Safina: Music IP has historically been managed traditionally. What challenges does it face now?

Sergio: We need to restructure and redesign commercial models between the same counterparts. Licensing still involves paperwork, sitting down, negotiating terms, and signing.

The one-to-many model is a classic Web2 approach, assuming platforms like TikTok and YouTube can licence with major players, maintaining the status quo. But is this the future? Or will we unpack it, moving toward a more granular market? Automation is crucial to avoid lengthy negotiations and delays. We need to scale the industry, turning music IP into a blockchain-based system, allowing more efficient processing.

Safina: Can you tell me more about the critical components of the Music Protocol and how they impact artists and labels?

Sergio: The first component is IP identification, or “IP core,” ensuring ownership registration. There’s no global registry for music IP, making it hard to know who to contact. Blockchain can solve this, securely identifying owners and facilitating licensing. Attributes like legal exploitation can be attached, akin to Creative Commons licences.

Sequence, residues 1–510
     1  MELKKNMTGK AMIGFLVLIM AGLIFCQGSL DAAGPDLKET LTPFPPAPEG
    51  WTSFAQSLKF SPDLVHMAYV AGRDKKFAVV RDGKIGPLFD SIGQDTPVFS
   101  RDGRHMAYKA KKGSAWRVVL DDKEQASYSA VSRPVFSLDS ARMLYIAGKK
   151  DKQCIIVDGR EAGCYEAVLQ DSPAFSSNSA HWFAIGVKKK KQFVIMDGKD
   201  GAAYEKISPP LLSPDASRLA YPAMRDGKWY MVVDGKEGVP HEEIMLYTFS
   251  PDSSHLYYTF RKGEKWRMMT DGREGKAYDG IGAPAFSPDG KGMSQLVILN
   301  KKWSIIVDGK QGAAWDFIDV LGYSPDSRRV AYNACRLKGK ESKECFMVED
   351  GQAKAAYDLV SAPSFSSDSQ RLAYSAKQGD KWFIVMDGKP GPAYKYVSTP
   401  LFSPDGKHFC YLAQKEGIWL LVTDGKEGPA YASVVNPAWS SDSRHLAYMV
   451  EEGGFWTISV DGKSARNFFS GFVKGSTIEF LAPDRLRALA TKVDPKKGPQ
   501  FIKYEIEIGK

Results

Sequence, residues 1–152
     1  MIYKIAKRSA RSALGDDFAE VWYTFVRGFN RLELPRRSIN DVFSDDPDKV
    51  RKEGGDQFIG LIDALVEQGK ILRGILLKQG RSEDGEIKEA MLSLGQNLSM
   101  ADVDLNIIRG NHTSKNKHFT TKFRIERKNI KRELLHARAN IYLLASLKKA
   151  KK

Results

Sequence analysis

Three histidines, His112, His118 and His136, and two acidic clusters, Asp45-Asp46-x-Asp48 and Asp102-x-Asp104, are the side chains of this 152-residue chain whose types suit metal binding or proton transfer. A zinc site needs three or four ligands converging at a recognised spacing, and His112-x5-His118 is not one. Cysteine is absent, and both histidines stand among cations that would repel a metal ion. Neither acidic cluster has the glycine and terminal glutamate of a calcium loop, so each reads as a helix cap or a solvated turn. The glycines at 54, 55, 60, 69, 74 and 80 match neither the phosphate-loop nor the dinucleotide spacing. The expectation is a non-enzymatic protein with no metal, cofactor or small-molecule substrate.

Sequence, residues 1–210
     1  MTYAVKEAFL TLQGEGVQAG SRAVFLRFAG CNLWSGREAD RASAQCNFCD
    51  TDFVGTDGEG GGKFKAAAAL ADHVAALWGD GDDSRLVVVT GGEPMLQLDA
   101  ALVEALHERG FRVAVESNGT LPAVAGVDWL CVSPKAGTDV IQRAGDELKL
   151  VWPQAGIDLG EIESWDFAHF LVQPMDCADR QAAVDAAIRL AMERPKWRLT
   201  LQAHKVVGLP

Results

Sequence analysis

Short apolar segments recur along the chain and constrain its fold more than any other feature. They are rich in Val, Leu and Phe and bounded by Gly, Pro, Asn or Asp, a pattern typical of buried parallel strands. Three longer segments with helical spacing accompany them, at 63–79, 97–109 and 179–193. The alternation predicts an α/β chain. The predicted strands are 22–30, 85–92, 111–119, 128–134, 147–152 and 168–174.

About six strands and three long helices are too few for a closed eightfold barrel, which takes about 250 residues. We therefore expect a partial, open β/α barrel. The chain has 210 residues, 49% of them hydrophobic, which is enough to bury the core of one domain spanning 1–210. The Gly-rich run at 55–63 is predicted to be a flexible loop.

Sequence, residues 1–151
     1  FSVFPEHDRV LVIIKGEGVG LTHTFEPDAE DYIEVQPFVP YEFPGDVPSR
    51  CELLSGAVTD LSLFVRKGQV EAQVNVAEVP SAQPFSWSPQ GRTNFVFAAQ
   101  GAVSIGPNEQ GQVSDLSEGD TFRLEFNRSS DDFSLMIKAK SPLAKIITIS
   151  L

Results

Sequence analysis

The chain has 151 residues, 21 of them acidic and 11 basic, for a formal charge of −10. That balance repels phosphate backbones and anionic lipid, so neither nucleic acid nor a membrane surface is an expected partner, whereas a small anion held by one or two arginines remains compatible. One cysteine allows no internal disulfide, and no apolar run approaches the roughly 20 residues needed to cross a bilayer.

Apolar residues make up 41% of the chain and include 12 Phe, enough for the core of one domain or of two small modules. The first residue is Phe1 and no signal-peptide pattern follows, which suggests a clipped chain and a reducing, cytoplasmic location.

Blockchain provides a reliable framework, tracking every transaction and ensuring smooth execution. An IP licensing engine on the blockchain would manage licences, allowing users to understand and control them.

Safina: What about payments and other features?

Sergio: Payments need to be automated, ensuring the business model pays everyone involved. We also include a multi-chain bridge, which addresses crypto industry segmentation.

Safina: How does this impact labels or artists not familiar with Web3?

Sergio: The Web3 Music Association serves as an intermediary, registering labels’ catalogues on the blockchain and facilitating integration into digital spaces. They log in, see money flowing in, and needn’t understand the technology. User-friendly interfaces can simplify interactions, automatically registering transactions on the blockchain.

Safina: That sounds great. Can you elaborate on the comparison between the electrical grid and IP infrastructure so that our readers can understand the simplicity of the technology integration?

Sergio: The Internet is a general-purpose technology, much like electricity. It’s an infrastructure, not a product. People plug in their devices and expect them to work, much like the internet’s gradual global expansion. Blockchain, like electricity, is an infrastructure, facing resistance similar to early electricity adoption. Yet it fundamentally transforms industries, often with unexpected consequences.

Safina: Lastly, do you see Music Protocol as a technology for the public good?

Sergio: Yes, music is cultural, and culture should be public. Blockchain ensures IP’s permanence, preventing loss and making it available forever. Even if an artist dies or a company folds, their IP remains, making it effectively public.

— Learn more about Music Protocol here.

Leave a Reply

Your email address will not be published. Required fields are marked *